Mudjacking has long been a popular choice when it comes to cement leveling. For one thing, it was the main option available at one point. It makes sense — reinforcing concrete with more concrete. However, there are disadvantages to this option as well as advantages. First, let’s break down the pros. Some reasons homeowners might choose mudjacking include:
- Cost. Mudjacking is far cheaper than a full concrete replacement. It is even cheaper upfront than polyjacking (although maybe not in the long term — more on that later).
- Easy fix. Mudjacking takes no longer than a day and is far less mess than a full concrete replacement. It’s less mess and less hassle for everyone who lives or works near the sunken concrete.
- Eco-friendly. Cement slurry is made mostly from natural materials so the environmental impact is lower.
- Sturdy, dense material. There’s not much chance of air pockets when it comes to cement slurry.
But of course, with all of these advantages, there are also disadvantages that homeowners have to keep in mind when making their decision. These include:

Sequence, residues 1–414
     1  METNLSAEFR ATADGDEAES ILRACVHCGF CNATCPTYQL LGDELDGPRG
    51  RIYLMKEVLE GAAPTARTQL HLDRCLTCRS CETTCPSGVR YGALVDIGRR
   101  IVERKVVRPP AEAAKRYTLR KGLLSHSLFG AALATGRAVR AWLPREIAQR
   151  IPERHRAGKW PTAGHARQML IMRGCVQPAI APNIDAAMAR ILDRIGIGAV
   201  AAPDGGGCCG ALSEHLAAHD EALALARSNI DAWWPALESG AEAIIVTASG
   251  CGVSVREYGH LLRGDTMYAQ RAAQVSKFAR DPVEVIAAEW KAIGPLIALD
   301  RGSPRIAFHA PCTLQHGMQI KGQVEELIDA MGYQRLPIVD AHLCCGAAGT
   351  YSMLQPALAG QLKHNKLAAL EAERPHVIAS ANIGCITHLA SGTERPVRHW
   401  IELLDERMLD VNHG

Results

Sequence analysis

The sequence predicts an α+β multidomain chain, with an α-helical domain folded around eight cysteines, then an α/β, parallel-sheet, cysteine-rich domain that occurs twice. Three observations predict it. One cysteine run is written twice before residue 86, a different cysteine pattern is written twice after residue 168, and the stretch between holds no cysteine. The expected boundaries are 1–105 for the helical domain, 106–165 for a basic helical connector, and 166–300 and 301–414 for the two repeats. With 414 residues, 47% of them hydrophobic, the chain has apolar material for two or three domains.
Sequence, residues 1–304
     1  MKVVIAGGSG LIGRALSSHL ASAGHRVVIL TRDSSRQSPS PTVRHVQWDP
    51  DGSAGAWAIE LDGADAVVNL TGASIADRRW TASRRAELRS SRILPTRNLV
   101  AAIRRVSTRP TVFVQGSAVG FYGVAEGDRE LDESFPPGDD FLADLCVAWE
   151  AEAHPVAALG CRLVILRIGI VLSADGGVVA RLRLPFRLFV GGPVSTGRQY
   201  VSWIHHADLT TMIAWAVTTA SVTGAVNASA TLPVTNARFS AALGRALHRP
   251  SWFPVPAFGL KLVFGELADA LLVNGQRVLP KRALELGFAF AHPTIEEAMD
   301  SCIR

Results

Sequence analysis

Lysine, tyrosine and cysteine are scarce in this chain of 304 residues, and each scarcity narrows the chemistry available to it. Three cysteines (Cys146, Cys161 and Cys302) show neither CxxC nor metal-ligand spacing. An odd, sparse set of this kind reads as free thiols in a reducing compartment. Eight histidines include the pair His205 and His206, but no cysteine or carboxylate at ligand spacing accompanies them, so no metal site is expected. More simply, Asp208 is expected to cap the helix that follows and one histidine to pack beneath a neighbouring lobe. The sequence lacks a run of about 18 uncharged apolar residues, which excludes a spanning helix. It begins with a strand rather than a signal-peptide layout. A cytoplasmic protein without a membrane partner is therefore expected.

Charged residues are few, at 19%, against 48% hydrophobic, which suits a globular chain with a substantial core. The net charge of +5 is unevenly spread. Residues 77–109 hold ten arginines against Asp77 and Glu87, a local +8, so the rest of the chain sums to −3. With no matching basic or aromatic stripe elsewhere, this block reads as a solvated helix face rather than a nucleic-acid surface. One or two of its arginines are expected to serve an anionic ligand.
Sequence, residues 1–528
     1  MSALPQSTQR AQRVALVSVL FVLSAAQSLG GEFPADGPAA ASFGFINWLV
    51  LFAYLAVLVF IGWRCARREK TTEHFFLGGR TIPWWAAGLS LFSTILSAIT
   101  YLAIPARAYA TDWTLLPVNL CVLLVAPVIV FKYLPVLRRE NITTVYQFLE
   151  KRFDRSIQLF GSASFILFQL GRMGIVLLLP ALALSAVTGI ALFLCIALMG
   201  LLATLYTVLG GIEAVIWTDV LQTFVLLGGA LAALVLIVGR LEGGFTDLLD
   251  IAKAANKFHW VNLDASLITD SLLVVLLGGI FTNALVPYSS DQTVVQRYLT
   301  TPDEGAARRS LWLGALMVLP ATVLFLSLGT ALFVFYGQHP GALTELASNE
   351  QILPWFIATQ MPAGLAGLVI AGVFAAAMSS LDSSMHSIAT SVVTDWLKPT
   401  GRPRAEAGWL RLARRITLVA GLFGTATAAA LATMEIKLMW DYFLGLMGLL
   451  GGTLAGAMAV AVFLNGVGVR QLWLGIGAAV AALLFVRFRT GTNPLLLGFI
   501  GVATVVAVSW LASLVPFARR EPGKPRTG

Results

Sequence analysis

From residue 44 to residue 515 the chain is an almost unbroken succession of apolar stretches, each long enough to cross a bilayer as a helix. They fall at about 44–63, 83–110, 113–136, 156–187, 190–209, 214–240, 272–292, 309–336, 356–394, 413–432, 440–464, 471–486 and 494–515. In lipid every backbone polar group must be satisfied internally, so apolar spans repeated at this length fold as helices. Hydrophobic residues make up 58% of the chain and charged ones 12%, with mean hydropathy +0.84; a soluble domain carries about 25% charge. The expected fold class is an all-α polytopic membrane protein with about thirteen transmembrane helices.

- Too dense for small cavities. Do you want a slab-lifting material that fits “every nook and cranny?” Cement slurry sometimes misses the tight corners of a gap between the slab and the soil, which could leave holes that could be expanded later, leading to more sunken concrete.
- Needs to be replaced. As stated above, mudjacking lasts about 8-10 years on average, which means that in a few years you might need another treatment of slabjacking in order to lift the concrete again.